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at that morning star next to the crescent moon. i thought kober. the connecticut regiment would have seen that here in brooklyn getting ready to go to white plains and again, it's dopey at least when i do it but suddenly it's that raw moment where wow, we are all tiny things. >> you talked about in your book how different areas have different revolutions but it's the same revolution but they go at it from different ways. one of the constants of the american revolution seems to be people's perceptions of washington and i'm just wondering, you stay away from the big figures and put the spotlight where it belongs on the landscape of the small people, but washington is a figure in your vote. do you come to any conclusions about this man? do come away liking him or not liking him? >> probably i mean -- >> you say he did and when the revolution. he managed not to lose up what to think is a great line. >> i think is a genius stroke. -had great conversations with artists about the revolution and there is this idea that art and ritual and reenactment, the things we used to engage with our past so
, connecticut, 1837. c-span: what were his parents like? >> guest: his father was a very successful merchant, junius spencer morgan, who worked in hartford and then boston, and then moved to london in 1854 to become an anglo-american merchant banker. and he and pierpont, basically, were funneling european capital to the emerging american economy. i mean, we really were the emerging economy in the 19th century. he was very conservative, very upright, very much concerned to build an international banking dynasty that would rival the rothschilds and baring brothers, and he did. i mean, over the next 80 years, the morgan bank--especially in america--rothschild didn't really see what america was going to be. they had one man, august belmont, who was very good. but junius morgan staked the future on his son and on america. he was very, very supervisory and censorious and critical of his son, and determined that his son was going to be sort of an upright man with a solid-gold reputation. and pierpont was not--he was not following in the paternal footsteps early on. he was much more likely to take r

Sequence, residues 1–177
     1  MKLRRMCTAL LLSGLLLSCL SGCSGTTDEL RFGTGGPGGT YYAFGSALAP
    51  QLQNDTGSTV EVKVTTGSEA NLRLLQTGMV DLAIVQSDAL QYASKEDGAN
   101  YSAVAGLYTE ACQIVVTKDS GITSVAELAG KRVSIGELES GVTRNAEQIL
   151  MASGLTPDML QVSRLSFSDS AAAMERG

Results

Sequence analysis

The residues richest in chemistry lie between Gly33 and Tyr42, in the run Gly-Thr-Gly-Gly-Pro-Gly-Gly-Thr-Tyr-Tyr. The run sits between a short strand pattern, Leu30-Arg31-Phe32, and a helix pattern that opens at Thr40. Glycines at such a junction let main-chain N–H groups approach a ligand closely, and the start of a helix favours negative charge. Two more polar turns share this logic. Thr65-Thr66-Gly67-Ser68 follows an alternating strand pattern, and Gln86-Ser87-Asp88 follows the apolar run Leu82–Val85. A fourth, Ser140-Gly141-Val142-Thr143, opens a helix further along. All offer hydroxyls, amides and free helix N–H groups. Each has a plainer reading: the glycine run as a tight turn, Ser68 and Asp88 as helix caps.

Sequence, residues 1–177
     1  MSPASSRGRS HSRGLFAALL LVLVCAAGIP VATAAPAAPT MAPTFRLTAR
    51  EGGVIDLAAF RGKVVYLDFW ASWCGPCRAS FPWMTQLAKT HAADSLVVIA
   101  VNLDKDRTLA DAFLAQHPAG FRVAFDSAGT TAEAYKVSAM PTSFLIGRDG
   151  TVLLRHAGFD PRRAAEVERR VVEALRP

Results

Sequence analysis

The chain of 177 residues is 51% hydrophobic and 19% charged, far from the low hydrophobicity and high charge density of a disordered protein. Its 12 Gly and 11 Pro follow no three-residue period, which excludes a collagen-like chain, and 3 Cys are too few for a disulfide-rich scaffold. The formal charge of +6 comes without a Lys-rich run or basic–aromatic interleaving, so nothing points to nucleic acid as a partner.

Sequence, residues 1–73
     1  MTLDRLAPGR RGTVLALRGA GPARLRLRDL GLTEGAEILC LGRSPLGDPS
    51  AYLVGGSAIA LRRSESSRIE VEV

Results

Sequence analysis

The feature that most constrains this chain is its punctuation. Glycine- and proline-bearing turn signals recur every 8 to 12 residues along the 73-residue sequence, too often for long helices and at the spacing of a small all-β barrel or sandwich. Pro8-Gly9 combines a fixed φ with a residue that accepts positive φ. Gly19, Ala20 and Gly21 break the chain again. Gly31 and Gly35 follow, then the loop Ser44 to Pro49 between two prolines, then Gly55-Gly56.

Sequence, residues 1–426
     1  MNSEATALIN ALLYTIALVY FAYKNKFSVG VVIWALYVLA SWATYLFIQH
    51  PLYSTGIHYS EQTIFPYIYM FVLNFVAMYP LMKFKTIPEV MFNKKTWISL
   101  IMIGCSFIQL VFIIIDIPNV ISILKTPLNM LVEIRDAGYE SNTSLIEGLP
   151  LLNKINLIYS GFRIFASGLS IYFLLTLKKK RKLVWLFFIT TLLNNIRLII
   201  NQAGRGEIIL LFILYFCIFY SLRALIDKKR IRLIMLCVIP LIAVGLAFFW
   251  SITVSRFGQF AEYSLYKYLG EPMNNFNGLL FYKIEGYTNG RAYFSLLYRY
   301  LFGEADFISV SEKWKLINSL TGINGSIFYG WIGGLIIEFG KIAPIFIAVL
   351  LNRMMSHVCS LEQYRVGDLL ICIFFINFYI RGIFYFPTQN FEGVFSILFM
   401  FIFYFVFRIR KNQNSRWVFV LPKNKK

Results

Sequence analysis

. the presiding officer: the senior senator from connecticut is recognized. mr. lieberman: i thank the chair. mr. president, i guess the good news is that i'm rising today not to speak about the fiscal cliff, but what i'm speaking about is not good news because it deals with the tragic events that occurred in benghazi, libya, on september 11 when terrorists took the lives of our ambassador chris stevens and three other brave americans who were serving us there. mr. president, i rise today along with the ranking member of the homeland security and governmental affairs committee, senator collins, to submit for the record the report that she and i have been working on with our staffs and other members of the committee following those events in libya. we called this report flashing red, a specialist report on the terrorist attack in benghazi. flashing red was a term that was used in conversation with us by an official of the state department, and it couldn't have been more correct. all the evidence was flashing red that we had put american personnel in benghazi in an increasingly dangerous situation
's okay because in the middle of the night, there's this soldier from connecticut who was dumbing down help across the delaware, and will reach up and see this guy with a right to stick his arm out and grab him from his white horse. he told all his buddies this guys with this. leadership at all these elements. but anyway, washington's weaknesses make him just so much more brilliant. longmore, it should be noted, was a big activist in the handicapped rights movement, and i realized after i read this bugaboo, the kind of book where you're calling a to come and sing listen to this, listen to this. and i realized that he had typed the entire book -- [inaudible] and he had worked for disabled rights, and he, i him give a speech on video after i rea reae book but i realize hittite this, and he was giving a speech at another disabled rights, a memorial for another disabled rights person died and longmore said basically that this guy, you know, the movement made this great new. >> wanted to footnotes in the book made me read another book, which i hate reading books. but much more important we
Search Results 0 to 3 of about 4

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